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MLB Power Rankings: 15 Best Up-and-Coming Prospects in the AL West

Tim KeeneyContributor IApril 12, 2011

MLB Power Rankings: 15 Best Up-and-Coming Prospects in the AL West

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    Christian Petersen/Getty Images

    Baseball is all about rebuilding.

    Just ask the 1997 Florida Marlins. Or maybe the 2003 Marlins.

    With by far the biggest minor league system out of any of the major professional sports, baseball teams are constantly cycling through new players.

    All it takes is a slow start to the season. If teams find themselves out of contention early, it's not uncommon to see them dump big contracts and look towards the farm system and the future.

    So, to fully have a grasp on where your team is headed, it is important to keep an eye on the minor leagues and the top prospects.

    Let's take a look at the young guns that can eventually help rebuild some of the teams in the AL West.

    Also, I'll just do it by position, as opposed to ranking them in order. A prospect all-star team, if you will.  

Catcher: Hank Conger, LAA

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    J. Meric/Getty Images

    Age: 23

     

    Where he's at: He started the season with the Angels and is coming off the bench until further notice. He's started three games and homered in his first one.

     

    Overview: He was the MVP at the 2010 Futures game. Conger proved he can hit for average as he hit around .300 at every minor league level. His power is limited and his defense is suspect, but his extremely good eye (55:58 walks:strikeout in AAA last year) should help vault him into a starting role at catcher or first base in the near future.

     

    Prospect Grade: B  

First Base: Chris Carter, OAK

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    Ezra Shaw/Getty Images

    Age: 24

     

    Where he's at: 

    After hitting 38 home runs at AAA last year, he got a call-up to the A's in August, but didn't quite impress. He's back at Sacramento and figures to be called up again sometime soon if he continues to dominate minor league pitching.

     

    Overview: 

    He hasn't been able to hit for a good average at AAA, but has displayed lots of power. He figures to be that type of player in the big leagues - a Jack Cust type player at worst-case scenario, and a Prince Fielder lite at best-case.

     

    Prospect Grade: B+ but it's on the way down if he struggles again.  

Second Base: Dustin Ackley, SEA

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    Harry How/Getty Images

    Age: 23

     

    Where he's at:

    After being drafted second behind a guy named Stephen Strasburg in 2009, Ackley has slowly worked his way up to AAA, where he has started the season. Unless he goes through a prolonged slump, he should be called up to the Mariners in June or July.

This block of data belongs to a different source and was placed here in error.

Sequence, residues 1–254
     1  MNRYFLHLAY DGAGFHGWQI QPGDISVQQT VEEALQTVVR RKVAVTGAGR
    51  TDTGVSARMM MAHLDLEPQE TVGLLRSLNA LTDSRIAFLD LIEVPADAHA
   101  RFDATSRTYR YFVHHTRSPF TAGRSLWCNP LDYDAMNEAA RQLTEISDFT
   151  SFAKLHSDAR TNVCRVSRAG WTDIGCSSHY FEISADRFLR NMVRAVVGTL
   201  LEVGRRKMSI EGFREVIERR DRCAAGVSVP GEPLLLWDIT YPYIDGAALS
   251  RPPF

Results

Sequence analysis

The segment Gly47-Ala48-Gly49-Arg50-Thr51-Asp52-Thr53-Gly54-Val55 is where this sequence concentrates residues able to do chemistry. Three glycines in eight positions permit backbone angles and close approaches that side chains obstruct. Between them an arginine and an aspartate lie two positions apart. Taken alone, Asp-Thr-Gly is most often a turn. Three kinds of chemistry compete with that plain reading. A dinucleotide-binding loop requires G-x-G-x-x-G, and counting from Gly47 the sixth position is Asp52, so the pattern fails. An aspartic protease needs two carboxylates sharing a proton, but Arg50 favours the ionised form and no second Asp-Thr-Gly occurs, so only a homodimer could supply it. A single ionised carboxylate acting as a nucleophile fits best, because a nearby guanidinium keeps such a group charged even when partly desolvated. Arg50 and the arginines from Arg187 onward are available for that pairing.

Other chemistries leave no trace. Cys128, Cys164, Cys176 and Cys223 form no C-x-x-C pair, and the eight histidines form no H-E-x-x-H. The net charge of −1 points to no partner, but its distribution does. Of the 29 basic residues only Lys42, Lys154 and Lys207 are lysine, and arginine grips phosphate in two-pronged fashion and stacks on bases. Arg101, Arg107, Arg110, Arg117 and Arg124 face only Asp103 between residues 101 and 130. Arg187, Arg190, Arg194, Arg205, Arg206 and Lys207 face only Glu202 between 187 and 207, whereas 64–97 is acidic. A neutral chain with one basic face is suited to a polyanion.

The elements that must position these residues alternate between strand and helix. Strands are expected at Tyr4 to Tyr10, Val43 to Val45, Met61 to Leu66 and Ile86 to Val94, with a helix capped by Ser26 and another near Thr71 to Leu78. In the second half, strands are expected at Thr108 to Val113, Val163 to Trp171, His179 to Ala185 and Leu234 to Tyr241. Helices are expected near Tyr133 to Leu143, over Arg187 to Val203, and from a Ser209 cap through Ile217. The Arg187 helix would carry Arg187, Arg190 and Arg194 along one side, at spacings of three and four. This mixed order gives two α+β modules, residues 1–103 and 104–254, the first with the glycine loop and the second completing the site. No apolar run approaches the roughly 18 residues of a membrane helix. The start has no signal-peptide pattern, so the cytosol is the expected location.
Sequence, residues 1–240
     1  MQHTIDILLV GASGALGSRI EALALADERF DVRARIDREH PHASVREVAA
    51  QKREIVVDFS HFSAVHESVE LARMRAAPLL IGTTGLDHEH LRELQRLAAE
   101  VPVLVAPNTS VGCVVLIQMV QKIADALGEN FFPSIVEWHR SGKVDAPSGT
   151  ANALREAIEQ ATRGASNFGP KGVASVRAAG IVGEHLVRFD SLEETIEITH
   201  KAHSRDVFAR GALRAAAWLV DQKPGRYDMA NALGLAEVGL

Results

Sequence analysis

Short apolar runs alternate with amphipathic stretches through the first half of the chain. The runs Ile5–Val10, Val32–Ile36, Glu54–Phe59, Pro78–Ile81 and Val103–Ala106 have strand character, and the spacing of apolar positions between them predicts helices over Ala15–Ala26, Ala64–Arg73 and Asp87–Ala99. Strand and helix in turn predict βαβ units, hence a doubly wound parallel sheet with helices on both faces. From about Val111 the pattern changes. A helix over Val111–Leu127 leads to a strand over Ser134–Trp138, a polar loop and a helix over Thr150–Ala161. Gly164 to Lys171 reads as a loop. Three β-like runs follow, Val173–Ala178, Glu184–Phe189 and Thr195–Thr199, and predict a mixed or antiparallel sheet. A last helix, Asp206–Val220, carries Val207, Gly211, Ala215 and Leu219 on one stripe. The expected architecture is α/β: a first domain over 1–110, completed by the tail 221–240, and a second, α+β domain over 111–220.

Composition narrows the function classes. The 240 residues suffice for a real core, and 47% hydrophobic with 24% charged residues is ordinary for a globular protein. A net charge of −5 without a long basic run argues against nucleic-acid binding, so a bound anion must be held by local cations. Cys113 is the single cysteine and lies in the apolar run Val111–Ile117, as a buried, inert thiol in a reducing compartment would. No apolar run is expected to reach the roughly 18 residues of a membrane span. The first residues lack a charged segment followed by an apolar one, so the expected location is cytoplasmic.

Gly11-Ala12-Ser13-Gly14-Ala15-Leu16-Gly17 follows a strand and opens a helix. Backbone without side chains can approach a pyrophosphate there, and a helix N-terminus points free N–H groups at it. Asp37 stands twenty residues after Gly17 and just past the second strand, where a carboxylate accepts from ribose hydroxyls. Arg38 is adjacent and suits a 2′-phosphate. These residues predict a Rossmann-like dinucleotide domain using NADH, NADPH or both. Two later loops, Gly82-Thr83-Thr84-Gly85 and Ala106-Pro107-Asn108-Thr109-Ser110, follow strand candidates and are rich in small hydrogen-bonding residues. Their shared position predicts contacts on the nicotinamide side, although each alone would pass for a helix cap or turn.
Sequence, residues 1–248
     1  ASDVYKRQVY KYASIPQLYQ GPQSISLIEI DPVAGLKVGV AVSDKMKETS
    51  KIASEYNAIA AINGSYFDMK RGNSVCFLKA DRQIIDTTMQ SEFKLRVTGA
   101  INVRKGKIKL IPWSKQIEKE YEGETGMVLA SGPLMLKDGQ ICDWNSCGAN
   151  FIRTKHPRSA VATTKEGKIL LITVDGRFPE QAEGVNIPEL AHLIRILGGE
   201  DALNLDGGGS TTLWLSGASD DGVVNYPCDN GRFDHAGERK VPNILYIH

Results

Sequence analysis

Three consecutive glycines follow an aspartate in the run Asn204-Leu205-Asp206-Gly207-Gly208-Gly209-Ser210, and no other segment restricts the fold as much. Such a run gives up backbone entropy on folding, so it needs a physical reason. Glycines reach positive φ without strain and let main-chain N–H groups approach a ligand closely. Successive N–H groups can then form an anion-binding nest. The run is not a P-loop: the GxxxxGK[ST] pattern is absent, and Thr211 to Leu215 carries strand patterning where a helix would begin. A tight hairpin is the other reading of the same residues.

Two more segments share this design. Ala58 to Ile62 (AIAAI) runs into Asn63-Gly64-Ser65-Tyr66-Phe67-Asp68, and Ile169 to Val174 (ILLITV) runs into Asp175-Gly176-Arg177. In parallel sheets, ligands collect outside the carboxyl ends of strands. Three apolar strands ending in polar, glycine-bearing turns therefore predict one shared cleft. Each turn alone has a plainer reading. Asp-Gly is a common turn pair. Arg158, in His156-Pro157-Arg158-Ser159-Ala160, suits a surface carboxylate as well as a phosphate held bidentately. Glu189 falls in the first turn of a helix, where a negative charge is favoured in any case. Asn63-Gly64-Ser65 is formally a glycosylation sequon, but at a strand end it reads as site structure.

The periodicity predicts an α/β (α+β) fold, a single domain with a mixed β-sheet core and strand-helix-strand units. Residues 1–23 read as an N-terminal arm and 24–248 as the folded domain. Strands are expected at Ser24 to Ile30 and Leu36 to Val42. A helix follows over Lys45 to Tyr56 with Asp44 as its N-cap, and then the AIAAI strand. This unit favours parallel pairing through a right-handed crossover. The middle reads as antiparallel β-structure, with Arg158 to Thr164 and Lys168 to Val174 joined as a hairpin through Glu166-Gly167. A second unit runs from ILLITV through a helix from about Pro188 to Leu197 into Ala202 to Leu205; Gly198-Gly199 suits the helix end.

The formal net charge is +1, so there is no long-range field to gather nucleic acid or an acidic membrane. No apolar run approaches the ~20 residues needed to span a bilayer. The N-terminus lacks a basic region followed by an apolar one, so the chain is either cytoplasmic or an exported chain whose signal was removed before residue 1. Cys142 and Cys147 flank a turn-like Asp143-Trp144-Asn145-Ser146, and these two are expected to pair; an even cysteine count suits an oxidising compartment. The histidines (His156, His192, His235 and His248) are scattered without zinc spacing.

Overview:

    He hasn't shown the power that some people hoped he would have, but he has the type of plate discipline that could win him a batting title at some point in his career. He speed is above average and his defense, while not great, is steadily improving. Ackley looks to be a fixture at the top of the Mariners lineup for years to come.

     

    Prospect Grade: A- because he still hasn't quite lived up to second pick potential. 

Third Base: Kaleb Cowart, LAA

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    Age: 18

     

    Where he's at:

    Cowart will begin the season playing rookie ball, but it shouldn't be long before he's moved up to Single-A.

     

    Overview:

    Cowart won the Baseball Gatorade High School Player of the Year in 2010, joining players such as Alex Rodriguez, Zach Greinke, Justin Upton and Clayton Kershaw to win the award. He was drafted 18th by the Angels. Cowart dominated as both a pitcher and a hitter in High School, but he has strictly played third base in the minors.

    He is a switch hitter who has been described as having good power from both sides. Being a pitcher who at times hit 90 MPH, he has a good arm over at third base, but his speed is limited. He won't get to the majors before some of the other third base prospects in the West, but he is extremely young and gifted. Look for him to make splash around 2013.

     

    Prospect Grade:

Shortstop: Nick Franklin, SEA

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    Age: 20

     

    Where he's at: 

    Franklin made it to Double-A last year for one game, but is starting this year playing High-A ball with the High Desert Mavericks.

     

    Overview: After being drafted in the first round in 2009, Franklin broke out in 2010 by hitting .281 with 23 home runs for Single-A Clinton. Baseball America ranks him as the 53rd best prospect, and third in the Mariners organization. If he is going to continue his pace towards the majors, he will need to improve his plate discipline, as he struck out 123 times in 513 plate appearances last year. He has good speed, but needs to work on his defense. A call-up to majors mid-2012 isn't out of the question, which would be very impressive.

     

    Prospect Grade: B and moving upwards 

Outfield: Mike Trout, LAA

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    Harry How/Getty Images

    Age: 19

     

    Where he's at: 

    After tearing up Single-A last year, he's starting the season playing for the Arkansas Travelers at Double-A. It wouldn't be a surprise to see him end the year at Triple-A.

     

    Overview: Baseball America has him as their number two overall prospect, and it looks like he might reach the majors before his 21st birthday. 

    Trout looks like the whole package. He has terrific plate discipline, good bat speed, power and speed. His arm is the only thing that prevents him from being a true five-star player. According to Baseball Prospectus, his baseball aptitude is unheard of for a teenager. Essentially, he has fun playing the game, and he plays it well. Baseball Prospectus has his ceiling at a better hitting Grady Sizemore, without the injuries.

     

    Prospect Grade:

Outfield: Engel Beltre, TEX

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    Norm Hall/Getty Images

    Age: 21

     

    Where he's at: 

    He's starting the year at Double-A, where he spent about half the season last year. A trip to Triple-A this year isn't out of the question. 

     

    Overview: